CC-BY-NC-ND 4.0 · Ind J Car Dis Wom 2017; 02(04): 111-118
DOI: 10.1055/s-0038-1624066
Interventional Rounds
Women in Cardiology and Related Sciences

Small Vessel Angioplasty

Lalita Nemani
1  Department of Cardiology, Nizam's Institute of Medical Sciences, Punjagutta, Hyderabad, Telangana, India
› Author Affiliations
Further Information

Publication History

Publication Date:
04 May 2018 (online)


The term “small vessel” denotes a coronary artery with reference vessel diameter (RVD) < 2.8 to 3.0 mm.[1] Lesions involving small vessels account for 40 to 50% of all coronary stenosis.[2] Revascularization of these vessels is impeded by high technical failure in coronary artery bypass grafting (CABG) and increased risk of adverse events and restenosis with percutaneous coronary intervention (PCI). Intervention in small coronary vessels constitutes 30 to 50% of all intervention procedures performed worldwide every year.[3] [4] [5]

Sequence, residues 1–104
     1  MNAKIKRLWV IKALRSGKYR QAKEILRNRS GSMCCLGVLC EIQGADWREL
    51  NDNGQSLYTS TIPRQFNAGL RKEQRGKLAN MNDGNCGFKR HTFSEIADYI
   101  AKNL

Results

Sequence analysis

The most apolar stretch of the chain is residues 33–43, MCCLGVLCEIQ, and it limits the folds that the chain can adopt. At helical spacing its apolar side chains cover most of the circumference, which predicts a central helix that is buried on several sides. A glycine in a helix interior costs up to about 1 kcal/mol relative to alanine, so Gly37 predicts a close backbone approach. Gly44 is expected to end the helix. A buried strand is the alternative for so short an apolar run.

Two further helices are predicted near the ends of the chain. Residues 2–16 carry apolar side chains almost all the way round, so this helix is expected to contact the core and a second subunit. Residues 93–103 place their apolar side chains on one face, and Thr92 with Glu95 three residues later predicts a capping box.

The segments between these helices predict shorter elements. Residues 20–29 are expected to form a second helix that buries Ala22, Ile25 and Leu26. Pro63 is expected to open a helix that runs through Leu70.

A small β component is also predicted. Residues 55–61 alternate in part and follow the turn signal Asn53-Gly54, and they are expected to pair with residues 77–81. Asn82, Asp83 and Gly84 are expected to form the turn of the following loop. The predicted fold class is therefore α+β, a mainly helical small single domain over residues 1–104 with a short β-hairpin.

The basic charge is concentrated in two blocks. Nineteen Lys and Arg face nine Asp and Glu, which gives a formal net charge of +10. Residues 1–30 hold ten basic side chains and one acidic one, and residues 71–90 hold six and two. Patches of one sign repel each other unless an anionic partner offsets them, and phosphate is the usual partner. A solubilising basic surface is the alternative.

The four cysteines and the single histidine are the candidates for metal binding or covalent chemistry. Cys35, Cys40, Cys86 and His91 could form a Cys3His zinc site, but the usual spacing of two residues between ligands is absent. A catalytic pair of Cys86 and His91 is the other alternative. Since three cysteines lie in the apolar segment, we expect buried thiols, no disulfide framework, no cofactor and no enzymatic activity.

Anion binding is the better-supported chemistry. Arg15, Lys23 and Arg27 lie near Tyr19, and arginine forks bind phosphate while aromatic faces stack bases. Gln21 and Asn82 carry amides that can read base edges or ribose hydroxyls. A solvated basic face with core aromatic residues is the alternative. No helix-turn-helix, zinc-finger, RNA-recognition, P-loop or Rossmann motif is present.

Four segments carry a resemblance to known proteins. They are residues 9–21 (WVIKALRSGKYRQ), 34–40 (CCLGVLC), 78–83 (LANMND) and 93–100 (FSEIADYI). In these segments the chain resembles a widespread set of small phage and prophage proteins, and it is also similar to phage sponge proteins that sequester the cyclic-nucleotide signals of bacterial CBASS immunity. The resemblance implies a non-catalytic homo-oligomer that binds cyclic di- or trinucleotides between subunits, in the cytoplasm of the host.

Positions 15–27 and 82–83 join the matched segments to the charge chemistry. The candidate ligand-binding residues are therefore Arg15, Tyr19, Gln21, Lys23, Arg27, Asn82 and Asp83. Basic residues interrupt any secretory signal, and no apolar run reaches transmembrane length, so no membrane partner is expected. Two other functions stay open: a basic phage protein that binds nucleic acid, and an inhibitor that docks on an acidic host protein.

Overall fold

The arbitrary upper limit of lumen diameter is between 2.5 and 2.75 mm. However, with the availability of 2.25- and 2-mm-diameter stents, the term “very small vessel disease” has been suggested to lesions that are amenable to PCI with these devices. PCI in these vessels is considered controversial because (1) these vessels perfuse a small territory and may not be worth stenting, (2) they have a higher risk of dissection, perforation, and restenosis, and (3) they are technically more challenging in terms of lesion crossability. The decision to stent these vessels should be interpreted with the clinical scenario of the patient in mind.